Dr. Satwant Kaur, President of Integrated Behavioral Health, LLC Inc. (www.integratedbh.com), is leading the Intensive Outpatient Drug Rehabilitation Program (IOP) at Mission of Love Charities. The program spans 16-weeks and is designed to help the homeless achieve sobriety and recovery and obtain housing. Dr. Kaur is a Ph.D. Clinical Psychologist who graduated from Catholic University. She has spent 15 years in the field of addictions therapy and drug rehabilitation. “I have an educational background in substance abuse. I started in India working in local and state agencies. I worked for Unicef to help children and families,” said Dr. Kaur.
For many, the root cause of homelessness is addiction to drugs and alcohol. At Mission of Love Charities, Dr. Kaur facilitates the IOP program that is helping to get drug addicted adults off the streets by first achieving sobriety. These adults are motivated to be sober because they will be rewarded with housing and other benefits which Mission of Love Staff -including Greg Torrence, Michelle Person and Yessica Molina – are assisting them in receiving.
Dr. Kaur’s methods for teaching the class are based on the Matrix, a nationally recognized program that achieves results. Kaur started her own company, Integrated Behavioral Health Services, because she was disappointed in the results that agencies she worked for were getting with their programs. In many cases, relapse into substance abuse was too common and Dr. Kaur believes she can do better than this.
Her program consists of focusing on the individual person and using a cognitive behavioral approach to drug abuse, to end the cycle of addiction. Dr. Kaur believes in educating the individual about the health and social impacts of drug and alcohol abuse. “People must be engaged because they want to come,” said Dr. Kaur. “I work with people at the speed which they are recovering,” she added.
The reason for the 16-week period of the program is because it follows the addict through the four phases of recovery, which occur over a lapsed period of time. The first stage is withdrawal and triggers that make participants want to use substances. The second phase is the honeymoon phase following withdrawal, in which participants are clean and feeling good about themselves. Often this phase is a realization that self-discipline must come into play to remain sober. The third phase is the wall. This is, “When they relapse. They either pull themselves together and keep on the path of recovery. Or, maybe drop out of the program because they don’t trust themselves. It’s harder to cross this phase,” said Dr. Kaur. Phase four is recovery. It takes eight months to one year to fully recover after the final phase is reached, according to Dr. Kaur.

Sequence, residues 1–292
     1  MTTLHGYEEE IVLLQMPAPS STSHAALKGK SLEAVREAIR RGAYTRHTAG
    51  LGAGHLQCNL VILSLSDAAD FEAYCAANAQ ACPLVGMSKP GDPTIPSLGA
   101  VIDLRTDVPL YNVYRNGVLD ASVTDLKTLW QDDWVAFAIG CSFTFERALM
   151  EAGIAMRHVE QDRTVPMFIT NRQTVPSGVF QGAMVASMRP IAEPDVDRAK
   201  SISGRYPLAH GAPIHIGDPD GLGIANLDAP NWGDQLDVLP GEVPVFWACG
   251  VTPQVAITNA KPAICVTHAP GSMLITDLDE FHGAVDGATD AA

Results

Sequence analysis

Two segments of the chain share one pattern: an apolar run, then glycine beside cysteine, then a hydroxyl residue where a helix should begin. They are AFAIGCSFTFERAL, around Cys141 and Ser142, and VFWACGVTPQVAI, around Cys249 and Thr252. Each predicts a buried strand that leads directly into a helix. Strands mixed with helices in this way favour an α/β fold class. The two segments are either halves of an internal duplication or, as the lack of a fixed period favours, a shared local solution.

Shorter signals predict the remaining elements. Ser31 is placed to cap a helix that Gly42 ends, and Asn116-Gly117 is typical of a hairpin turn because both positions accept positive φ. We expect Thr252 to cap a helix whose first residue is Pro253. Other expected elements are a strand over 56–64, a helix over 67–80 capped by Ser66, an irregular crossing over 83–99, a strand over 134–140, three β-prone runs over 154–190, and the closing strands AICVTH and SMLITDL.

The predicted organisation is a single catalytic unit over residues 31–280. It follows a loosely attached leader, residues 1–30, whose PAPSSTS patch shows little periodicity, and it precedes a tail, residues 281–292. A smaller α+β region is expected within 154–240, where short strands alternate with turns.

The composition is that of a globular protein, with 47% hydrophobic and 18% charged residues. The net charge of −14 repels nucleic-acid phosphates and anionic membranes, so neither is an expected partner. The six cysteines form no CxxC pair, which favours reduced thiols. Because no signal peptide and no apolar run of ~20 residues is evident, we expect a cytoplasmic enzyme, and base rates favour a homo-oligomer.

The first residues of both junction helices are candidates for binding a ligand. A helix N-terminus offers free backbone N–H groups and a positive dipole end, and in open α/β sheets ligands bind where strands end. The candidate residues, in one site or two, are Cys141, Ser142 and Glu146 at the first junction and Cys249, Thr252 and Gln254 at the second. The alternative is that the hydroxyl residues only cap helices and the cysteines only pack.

Throughout the 16-weeks participants are constantly challenged with exercises designed to make them more aware of their habits and how to overcome their addictions. “The first three weeks are the hardest because they are very defensive,” says Dr. Kaur. But as they are fed information about the dangers of smoking, for instance, they begin to open up and share more. “People begin to make comments and start interacting with me and one another. They feel comfortable and joke around with each other,” observes Dr. Kaur.
When the 16-week period ends, Kaur looks carefully at class attendance and participation. She also carefully examines the results of drug and alcohol tests that are given periodically throughout the class. “I am part of the decision of whether they graduate depending on all of the data for drug and alcohol testing. I want to see a change in test results. There must be a progression,” said Dr. Kaur.
The program works alongside of Mission of Love Charities’ objectives. Participants are assisted in obtaining identification and enrolling in Medicaid, SNAP and housing programs. Team members even help with transportation in some instances. “The employees and the CEO are all so responsive. It works very well as a team when everyone works together and monitors peoples’ growth,” said Dr. Kaur. “I wish all of my collaborations were like this,” she added.
“We are partners in this program. The goal is to provide help and hope,” Deborah Martinez, CEO states.
Currently, seven adults are in the program. If they attain sobriety, they receive housing, a big motivator for doing the IOP program in the first place. “If there is some benefit to them, they learn something,” said Dr. Kaur. “Working together we all support this population,” remarked Dr. Kaur, who is hopeful all seven adults graduate to recovery.
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